WASHINGTON — Both Missouri’s U.S. Senators are critical of the current policy of separating children from parents who seek asylum at the southern U.S. border.
In a statement, Democratic Senator McCaskill attacked what she called the notion that children must be “ripped from their families” to secure the border as equally false and cruel. She said she’d be working from her position as Ranking Member of the Homeland Security Committee to stop the Trump Administration’s policy.
Missouri’s Republican Senator Roy Blunt linked himself to spouses of GOP Presidents, saying he agreed with Mrs. Bush and Mrs. Trump, that separating families does not “meet the standard of who we are as a country”.
Former first lady, Laura Bush wrote an opinion column in the Washington Post Monday, noting the Department of Homeland Security has sent nearly 2,000 children to mass detention centers in a six-week period from mid-April to the end of May.
Bush wrote that the policy is “eerily reminiscent of the Japanese American internment camps of World War II, now considered to have been one of the most shameful episodes in U.S. history.’’
McCaskill’s most likely Republican opponent in her campaign for reelection in November, state Attorney General Josh Hawley, has not said whether he supports the President’s policy.
President Trump Monday showed no sign of budging from his “zero tolerance” border policy, saying the U.S. wouldn’t become a “migrant camp” or “refugee holding facility”.
A number of prominent Republican lawmakers, including Senator Lindsey Graham of South Carolina, House Speaker Paul Ryan of Wisconsin and Senate Majority Whip John Cornyn of Texas have been vocally critical of the border policy.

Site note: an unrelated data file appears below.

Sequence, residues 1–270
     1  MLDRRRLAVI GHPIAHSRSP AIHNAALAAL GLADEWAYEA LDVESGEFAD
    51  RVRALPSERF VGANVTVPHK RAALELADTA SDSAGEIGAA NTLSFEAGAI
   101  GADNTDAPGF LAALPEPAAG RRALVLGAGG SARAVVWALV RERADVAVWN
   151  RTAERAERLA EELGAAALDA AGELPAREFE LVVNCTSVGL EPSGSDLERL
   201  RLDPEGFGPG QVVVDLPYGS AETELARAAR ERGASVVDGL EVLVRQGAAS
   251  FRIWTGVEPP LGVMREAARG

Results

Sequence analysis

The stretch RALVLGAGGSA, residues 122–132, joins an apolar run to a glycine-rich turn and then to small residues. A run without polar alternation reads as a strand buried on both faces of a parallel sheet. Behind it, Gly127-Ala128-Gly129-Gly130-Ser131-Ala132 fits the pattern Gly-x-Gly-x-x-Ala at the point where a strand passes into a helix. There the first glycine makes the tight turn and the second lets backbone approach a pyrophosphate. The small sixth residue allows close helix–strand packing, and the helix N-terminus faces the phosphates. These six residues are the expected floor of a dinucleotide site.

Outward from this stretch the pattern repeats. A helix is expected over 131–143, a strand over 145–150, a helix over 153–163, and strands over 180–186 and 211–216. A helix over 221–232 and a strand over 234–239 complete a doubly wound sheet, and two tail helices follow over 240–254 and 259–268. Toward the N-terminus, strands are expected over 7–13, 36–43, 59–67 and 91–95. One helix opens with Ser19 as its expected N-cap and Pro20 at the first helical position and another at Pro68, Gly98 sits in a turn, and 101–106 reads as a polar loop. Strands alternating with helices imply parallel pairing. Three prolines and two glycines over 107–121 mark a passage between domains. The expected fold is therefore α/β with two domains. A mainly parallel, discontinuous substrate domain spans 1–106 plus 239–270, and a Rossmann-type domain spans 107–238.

Trump has blamed the policy on Democrats and said they are obstructionist and could end it by working to change the law. The law has been on the books since President George W. Bush’s administration but has never been enforced except during the past two months under President Trump.
At times the President has also indicated the practice could be ended if his priorities such as building a wall and beefing up border security were enacted.
Trump is scheduled to meet House Republicans Tuesday evening to discuss two GOP immigration bills that are expected see action on the floor this week.
One is considered a conservative measure proposed by House Republican Judiciary Committee Chairman Bob Goodlatte of Virginia while the other has been called a “compromise” plan crafted by Republican centrists and GOP leadership.